According to a new Mortgage Bankers Association survey of the top commercial and multifamily mortgage origination firms, commercial and multifamily mortgage lending is expected to increase in 2015, as lenders' appetites to place new loans remains very strong and borrowers' appetites to borrow increase. A full 100 percent of the top firms expect originations to increase in 2015, with 68 percent expecting an increase of 5 percent or more. Almost three quarters (72 percent) expect their own firm's originations to increase by 5 percent or more.
"Commercial mortgage lenders anticipate another competitive year in 2015," said Jamie Woodwell, MBA's Vice President for Commercial Real Estate Research. "Lenders' appetites for loans remain very strong, and with the 10 year loans made during 2005, 2006 and 2007 maturing, lenders also anticipate growing demand from borrowers."
Majorities of respondents expect originations for every major investor group to increase. 83 percent anticipate a "very strong" appetite among firms to make loans and 50 percent anticipate a "very strong" appetite among borrowers to take out loans. Lenders were surveyed on a scale of "very weak, weak, fair, strong, or very strong."
Specific findings include:
In 2014, lenders were more eager to make loans than borrowers were to take out loans. A "very strong" appetite among lenders (87 percent of respondents) to make new loans in 2014 faced a generally "strong" appetite among borrowers to take out new loans (57 percent of respondents).
In 2015, lenders are expected to have a similar appetite to place loans, and borrowers a slightly stronger appetite to take out loans. Compared to 2014, a similar share of respondents expect lenders to have a "very strong" desire to make loans (83 percent of respondents anticipate "very strong" appetite versus 87 percent in 2014) and more expect borrowers to have a "very strong" appetite to take out new loans (50 percent versus 43 percent in 2014).
Originators expect the market to grow at a strong pace in 2015 (and their own firms to grow more quickly). Two thirds (68 percent) of respondents expect total market originations to increase 5 percent or more in 2015. Almost three-quarters (72 percent) expect their own originations to increase by 5 percent or more.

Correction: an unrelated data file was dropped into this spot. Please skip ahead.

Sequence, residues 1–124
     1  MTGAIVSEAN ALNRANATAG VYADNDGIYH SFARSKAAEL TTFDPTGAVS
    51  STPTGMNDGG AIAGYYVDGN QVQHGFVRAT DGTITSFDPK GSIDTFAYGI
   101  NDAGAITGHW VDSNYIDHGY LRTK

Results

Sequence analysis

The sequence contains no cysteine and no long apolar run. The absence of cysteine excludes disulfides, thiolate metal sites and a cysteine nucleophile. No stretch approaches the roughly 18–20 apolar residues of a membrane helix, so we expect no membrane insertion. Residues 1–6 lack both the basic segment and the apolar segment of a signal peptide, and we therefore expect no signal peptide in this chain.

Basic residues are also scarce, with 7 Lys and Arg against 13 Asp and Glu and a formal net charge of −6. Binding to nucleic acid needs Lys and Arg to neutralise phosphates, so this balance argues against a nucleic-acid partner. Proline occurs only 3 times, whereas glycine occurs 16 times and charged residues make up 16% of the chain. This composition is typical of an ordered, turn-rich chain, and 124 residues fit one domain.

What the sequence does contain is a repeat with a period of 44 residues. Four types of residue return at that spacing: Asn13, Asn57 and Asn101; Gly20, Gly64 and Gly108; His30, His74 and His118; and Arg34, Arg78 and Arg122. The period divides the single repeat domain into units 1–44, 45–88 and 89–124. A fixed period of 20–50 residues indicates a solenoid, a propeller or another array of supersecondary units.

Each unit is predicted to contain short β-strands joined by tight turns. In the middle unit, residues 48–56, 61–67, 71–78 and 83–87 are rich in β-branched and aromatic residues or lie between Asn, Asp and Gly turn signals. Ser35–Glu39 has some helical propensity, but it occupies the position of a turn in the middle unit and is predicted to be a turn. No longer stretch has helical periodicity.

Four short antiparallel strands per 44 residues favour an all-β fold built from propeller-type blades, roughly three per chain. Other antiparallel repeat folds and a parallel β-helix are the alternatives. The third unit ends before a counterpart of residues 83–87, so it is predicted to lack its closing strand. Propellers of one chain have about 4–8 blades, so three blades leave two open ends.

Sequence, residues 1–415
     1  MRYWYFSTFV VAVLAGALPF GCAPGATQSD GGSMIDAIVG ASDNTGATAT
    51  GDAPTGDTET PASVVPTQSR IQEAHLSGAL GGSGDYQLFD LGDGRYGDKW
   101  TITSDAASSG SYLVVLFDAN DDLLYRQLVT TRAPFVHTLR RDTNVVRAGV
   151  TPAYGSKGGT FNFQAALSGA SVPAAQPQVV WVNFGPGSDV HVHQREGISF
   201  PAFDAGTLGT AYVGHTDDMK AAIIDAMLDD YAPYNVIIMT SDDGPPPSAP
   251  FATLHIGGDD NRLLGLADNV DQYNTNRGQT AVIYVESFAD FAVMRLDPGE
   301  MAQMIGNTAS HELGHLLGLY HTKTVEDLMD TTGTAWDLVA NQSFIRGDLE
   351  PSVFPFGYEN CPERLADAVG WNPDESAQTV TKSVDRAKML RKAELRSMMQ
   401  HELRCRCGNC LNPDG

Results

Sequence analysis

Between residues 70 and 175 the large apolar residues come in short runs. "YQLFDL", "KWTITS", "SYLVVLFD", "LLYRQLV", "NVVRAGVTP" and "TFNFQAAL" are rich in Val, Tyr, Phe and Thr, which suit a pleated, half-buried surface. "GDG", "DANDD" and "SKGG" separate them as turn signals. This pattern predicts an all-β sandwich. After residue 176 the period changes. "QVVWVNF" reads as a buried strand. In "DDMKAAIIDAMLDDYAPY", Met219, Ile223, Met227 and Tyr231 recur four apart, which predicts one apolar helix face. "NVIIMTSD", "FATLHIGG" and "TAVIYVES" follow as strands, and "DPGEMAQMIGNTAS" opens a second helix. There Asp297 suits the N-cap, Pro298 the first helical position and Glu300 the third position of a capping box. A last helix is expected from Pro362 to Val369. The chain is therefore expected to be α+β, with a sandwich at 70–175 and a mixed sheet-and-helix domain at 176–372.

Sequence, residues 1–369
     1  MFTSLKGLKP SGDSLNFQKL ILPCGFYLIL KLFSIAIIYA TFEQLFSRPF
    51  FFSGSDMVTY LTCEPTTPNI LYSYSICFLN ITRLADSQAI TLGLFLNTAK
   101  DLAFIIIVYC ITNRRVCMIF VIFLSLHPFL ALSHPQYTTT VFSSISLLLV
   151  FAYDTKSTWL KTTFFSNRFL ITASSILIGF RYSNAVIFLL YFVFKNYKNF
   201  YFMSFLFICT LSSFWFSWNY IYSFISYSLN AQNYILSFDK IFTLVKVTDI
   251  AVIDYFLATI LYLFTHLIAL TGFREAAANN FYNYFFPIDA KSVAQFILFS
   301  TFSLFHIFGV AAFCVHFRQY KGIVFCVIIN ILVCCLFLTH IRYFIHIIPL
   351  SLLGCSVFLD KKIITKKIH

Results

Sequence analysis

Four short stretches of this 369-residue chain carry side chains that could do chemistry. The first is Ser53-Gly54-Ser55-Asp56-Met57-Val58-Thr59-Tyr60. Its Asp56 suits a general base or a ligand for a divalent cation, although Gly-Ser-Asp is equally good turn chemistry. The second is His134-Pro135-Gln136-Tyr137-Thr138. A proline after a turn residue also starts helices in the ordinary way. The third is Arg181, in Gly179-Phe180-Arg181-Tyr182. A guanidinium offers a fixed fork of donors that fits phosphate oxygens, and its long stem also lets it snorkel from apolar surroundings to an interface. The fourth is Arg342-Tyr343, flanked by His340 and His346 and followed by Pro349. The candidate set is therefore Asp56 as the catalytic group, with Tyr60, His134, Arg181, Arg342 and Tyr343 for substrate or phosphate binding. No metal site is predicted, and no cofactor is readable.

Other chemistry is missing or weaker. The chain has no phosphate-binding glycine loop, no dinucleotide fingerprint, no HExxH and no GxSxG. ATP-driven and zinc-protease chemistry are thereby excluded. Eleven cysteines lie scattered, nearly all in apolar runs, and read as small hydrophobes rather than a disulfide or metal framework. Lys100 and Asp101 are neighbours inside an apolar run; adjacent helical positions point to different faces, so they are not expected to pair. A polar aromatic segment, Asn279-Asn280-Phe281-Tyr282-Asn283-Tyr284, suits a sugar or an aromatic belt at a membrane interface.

Loans for every major investor group are expected to increase in 2015. Originations are expected to increase lending for commercial mortgage-backed securities (89 percent anticipate growth to be greater than 5 percent), bank portfolios (56 percent anticipate growth to be greater than 5 percent), Fannie Mae and Freddie Mac (46 percent anticipate growth to be greater 5 percent), pension/life insurance companies (41 percent anticipate growth to be greater 5 percent) and FHA (19 percent anticipate growth to be greater 5 percent).
Loan risk is expected to increase in 2015. Most respondents characterized the loans made in 2014 as "medium" risk (73 percent). In 2015, more respondents expect loans to be "somewhat high" risk (38 percent versus 9 percent in 2014). Lenders were surveyed on a scale of very low, somewhat low, medium, somewhat high, and high.
Loan return is expected to moderate in 2015. Half of respondents (52 percent) characterized the loans made in 2014 as "somewhat low" or "very low" return. In 2015, nearly three-quarters (74 percent) expect loans to be "somewhat low" or "very low" return.
According to the U.S. Department of Housing and Urban Development and the U.S. Census Bureau. sales of newly built, single-family homes rose 5.2 percent in November to a seasonally adjusted annual rate of 592,000 units.
California pending home sales dropped from both the previous month and last year in November 2015, indicating that the robust sales registered in November will likely not be repeated in the months ahead.